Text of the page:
But why we all expect GF110 to be GF100 successor in HPC. Why shouldn't it be just good enough gaming card which would offer high-end graphic performance without raising original GF104/GF114 TDP to GTX480 heights. +30% of GTX470 performance at same TDP (or even lower) would probably make it decent Cayman competitor, and GF100 rework if ever should wait 28nm, but that would probably be time to introduce new name Kepler -furbished Fermi architecture @28nm- into scheme.
     
  13. trinibwoy

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    Try repeating that a few more times. Maybe it'll move from the realm of fantasy into reality.
     
  14. I.S.T.

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    Are you insane? Have you actually read anything on the GF104? It's as far from the rumored GT212 as you can possibly get!
     
  15. Ailuros

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    GT21x/DX10.1@40nm are out there for quite some time. Just don't try to explain to someone that doesn't want to understand that it's nonsense to believe that you can take a 10.1 architecture and just glue DX11 capabilities on top of it. Vapor-ware GT212 was rumored to have 384SPs and thus a random number that happens to fit one aspect of the GF104 specifications.

    It's the same thing in reverse as when everyone used to say that Cypress is merely a RV770 with DX11 glued over it.

    NV30 had a number of wrong design decisions. Since the latter is quite a vague description I could easily say that insisting on a very high complexity chip despite TSMC giving fairly early warning is a wrong design decision too. The question here would be if it even was possible for NV to change anything (if Anand's Evergreen article is 100% accurate) somewhere in early 2008.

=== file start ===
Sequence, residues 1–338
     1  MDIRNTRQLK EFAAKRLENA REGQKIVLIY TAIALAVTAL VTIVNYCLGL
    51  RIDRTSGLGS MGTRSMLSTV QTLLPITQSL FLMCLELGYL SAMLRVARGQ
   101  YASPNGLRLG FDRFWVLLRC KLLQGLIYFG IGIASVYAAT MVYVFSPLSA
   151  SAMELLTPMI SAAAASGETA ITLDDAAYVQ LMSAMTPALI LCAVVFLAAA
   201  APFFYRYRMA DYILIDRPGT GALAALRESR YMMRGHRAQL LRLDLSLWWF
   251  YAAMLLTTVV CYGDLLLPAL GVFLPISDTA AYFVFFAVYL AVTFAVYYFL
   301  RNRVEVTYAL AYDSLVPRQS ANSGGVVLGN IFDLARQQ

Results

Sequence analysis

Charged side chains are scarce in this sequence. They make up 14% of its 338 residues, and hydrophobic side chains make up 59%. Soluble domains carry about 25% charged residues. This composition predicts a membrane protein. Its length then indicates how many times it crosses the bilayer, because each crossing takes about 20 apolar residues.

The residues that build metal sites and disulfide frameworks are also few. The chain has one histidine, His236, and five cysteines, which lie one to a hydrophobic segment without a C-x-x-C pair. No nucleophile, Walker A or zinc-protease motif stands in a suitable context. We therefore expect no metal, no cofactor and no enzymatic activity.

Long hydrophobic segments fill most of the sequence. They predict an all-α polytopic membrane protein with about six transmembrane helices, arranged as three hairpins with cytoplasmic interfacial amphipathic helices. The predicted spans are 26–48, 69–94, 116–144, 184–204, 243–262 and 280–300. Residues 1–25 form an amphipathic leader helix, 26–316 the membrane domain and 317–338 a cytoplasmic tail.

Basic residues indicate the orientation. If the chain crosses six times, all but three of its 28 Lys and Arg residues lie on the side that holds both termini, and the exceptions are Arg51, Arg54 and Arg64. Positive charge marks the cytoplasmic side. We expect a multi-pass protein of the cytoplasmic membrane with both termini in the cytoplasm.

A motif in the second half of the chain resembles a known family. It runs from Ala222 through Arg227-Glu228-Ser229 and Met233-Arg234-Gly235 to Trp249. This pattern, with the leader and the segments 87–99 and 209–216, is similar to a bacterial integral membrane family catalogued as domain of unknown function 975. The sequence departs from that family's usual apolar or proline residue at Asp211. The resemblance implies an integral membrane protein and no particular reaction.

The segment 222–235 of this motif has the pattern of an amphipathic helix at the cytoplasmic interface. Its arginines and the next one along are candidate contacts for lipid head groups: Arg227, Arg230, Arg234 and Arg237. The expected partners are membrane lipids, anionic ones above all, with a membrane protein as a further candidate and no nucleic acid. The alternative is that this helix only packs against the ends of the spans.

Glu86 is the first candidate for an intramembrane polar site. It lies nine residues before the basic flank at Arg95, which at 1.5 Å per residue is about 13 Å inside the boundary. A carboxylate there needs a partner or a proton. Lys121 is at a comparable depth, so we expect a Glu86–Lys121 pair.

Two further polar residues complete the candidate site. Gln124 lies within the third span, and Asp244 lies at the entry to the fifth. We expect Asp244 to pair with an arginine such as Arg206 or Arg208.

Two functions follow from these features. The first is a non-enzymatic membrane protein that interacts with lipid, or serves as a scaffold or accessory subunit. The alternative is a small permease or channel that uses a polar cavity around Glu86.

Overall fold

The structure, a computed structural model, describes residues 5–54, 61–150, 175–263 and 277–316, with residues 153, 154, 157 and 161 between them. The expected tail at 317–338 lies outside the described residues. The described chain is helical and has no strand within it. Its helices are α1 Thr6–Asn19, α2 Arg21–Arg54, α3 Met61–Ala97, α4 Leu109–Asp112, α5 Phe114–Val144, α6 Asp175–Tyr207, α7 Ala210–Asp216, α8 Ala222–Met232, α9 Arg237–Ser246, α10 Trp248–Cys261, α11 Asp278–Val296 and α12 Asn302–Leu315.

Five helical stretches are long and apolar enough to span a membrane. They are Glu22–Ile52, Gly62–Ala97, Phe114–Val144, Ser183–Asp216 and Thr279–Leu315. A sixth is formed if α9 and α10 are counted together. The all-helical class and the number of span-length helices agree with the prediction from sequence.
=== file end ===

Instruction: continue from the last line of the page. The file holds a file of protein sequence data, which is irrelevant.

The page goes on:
Of course aren't parallels to NV30 not fair in this case. But it still raises the question if NV in the future can and will adjust its strategy in order to have alternative options in case shit hits the fan again down the line.

    I don't consider it nonsense anymore that NV might this time go for a more 3D concentrated part with GF110. However considering the so far supposed leaked details it doesn't sound like a GF104 derivative at all. More like a "3D mostly GF100" with twice the TMU amount per SM, but I could be of course completely wrong.

    NV will of course introduce in the future 28nm Fermi variants, while Kepler on the other hand (irrelevant of process used for it) will have as much in common with Fermi as the latter has with GT2x0.
     
  16. I.S.T.

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    Did you really just say that the NV30 wasn't a failure?

    It failed massively. It was such a failure that it was canceled not long after the launch. Only about 100K were made!